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< class="article__title title"> Chaga And Lion’s Mane: 8 Things You Should Know!>
Chaga And Lion’s Mane: 8 Things You Should Know!
May 08, 22
This article has been vetted by the Onnit Advisory Board. Read more about our editorial process.
Author: Sony Sherpa

Chaga And Lion’s Mane: 8 Things You Should Know!

    TABLE OF CONTENTS

Chaga mushroom (Inonotus obliquus) and Lion’s mane mushroom (Hericium Erinaceus) are two of the most popular medicinal mushrooms. These are edible mushrooms, naturally available, and provide an array of health-supporting benefits apart from nutrition.

Many people opt for either of the two mushrooms, while some may even consider combining them. Then what can you expect when you combine the two powerhouse mushrooms?

In this article, we will take a closer look at Chaga vs Lion’s mane. Keep reading to find out what makes each of the two stand out from each other and what features make them a part of the same family.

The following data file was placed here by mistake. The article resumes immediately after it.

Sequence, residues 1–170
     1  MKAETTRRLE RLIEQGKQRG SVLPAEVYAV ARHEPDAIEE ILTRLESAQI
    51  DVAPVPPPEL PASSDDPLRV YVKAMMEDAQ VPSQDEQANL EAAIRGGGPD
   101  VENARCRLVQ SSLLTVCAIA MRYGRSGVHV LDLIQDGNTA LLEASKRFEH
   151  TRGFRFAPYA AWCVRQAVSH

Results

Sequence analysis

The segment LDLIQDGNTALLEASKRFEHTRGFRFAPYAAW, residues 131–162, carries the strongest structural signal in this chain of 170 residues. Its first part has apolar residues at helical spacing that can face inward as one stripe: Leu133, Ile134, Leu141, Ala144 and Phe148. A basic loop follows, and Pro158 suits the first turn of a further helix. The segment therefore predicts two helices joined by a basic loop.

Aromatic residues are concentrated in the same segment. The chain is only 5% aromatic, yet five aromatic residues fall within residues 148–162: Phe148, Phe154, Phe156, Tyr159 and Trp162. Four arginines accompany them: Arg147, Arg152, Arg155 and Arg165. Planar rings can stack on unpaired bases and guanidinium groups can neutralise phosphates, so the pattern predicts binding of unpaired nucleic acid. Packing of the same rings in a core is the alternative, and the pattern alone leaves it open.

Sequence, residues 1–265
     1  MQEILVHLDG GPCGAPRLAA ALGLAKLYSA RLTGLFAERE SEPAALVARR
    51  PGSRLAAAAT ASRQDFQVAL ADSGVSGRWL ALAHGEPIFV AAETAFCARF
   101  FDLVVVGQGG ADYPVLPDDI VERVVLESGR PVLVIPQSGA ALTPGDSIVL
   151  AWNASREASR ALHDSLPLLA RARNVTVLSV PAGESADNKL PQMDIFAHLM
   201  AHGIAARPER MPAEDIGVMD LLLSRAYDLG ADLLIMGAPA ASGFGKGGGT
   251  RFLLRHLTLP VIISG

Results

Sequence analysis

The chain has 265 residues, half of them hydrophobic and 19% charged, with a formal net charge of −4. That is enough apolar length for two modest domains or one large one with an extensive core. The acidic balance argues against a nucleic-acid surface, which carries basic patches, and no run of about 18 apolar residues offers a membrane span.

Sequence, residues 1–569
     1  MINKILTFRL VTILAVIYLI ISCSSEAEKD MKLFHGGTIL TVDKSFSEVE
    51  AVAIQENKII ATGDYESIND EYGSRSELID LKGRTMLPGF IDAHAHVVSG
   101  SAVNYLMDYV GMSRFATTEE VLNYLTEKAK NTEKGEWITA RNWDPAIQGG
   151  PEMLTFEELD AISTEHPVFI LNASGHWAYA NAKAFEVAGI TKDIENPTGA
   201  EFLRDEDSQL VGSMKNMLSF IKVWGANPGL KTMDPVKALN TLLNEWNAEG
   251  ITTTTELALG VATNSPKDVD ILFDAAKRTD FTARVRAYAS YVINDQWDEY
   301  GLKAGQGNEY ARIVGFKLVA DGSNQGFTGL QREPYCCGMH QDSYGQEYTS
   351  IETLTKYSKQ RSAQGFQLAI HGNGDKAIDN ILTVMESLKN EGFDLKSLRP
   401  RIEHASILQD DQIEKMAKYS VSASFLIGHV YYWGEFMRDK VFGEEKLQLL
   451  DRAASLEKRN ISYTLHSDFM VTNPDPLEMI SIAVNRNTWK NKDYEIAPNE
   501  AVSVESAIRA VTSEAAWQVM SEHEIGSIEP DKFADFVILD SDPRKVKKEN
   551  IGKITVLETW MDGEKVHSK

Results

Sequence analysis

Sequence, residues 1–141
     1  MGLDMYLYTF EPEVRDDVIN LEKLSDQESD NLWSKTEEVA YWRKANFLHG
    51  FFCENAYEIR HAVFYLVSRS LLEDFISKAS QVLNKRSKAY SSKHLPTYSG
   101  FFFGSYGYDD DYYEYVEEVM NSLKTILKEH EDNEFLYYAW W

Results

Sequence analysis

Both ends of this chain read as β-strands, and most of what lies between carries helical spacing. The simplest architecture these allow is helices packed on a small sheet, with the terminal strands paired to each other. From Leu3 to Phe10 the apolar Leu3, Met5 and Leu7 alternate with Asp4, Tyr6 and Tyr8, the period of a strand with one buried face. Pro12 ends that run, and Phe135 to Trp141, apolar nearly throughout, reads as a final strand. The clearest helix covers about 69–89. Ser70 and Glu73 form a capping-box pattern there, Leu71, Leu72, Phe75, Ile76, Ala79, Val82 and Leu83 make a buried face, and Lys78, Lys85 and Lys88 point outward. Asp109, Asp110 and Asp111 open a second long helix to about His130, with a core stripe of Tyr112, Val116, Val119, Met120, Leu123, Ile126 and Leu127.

What is Chaga Mushroom?

Chaga mushroom is a large black fungus with an inner soft orange core. The mushroom is found growing on Birch trees in the cold climate forests of the Northern hemisphere. Nicknamed the “king of medicinal mushrooms”, Chaga has many medicinal properties, It is available in the form of supplements, powders, and teas. 

What is Lion’s mane mushroom?

Lion’s mane is an edible medicinal mushroom that resembles the mane of a lion as they grow. Also known as hou tou gu or yamabushitake, these mushrooms are native to Asia, Europe and North America. You can eat the fruiting bodies of the mushroom or use the extracts as a daily supplement.

Lion's mane and Chaga: Similarities?

  • Nutritional Support

Both Lion’s mane and Chaga are packed with nutritional compounds. They are high in vitamins and antioxidants which can fight DNA damage, balance free radical and oxidant injury, and inhibit cancerous growth.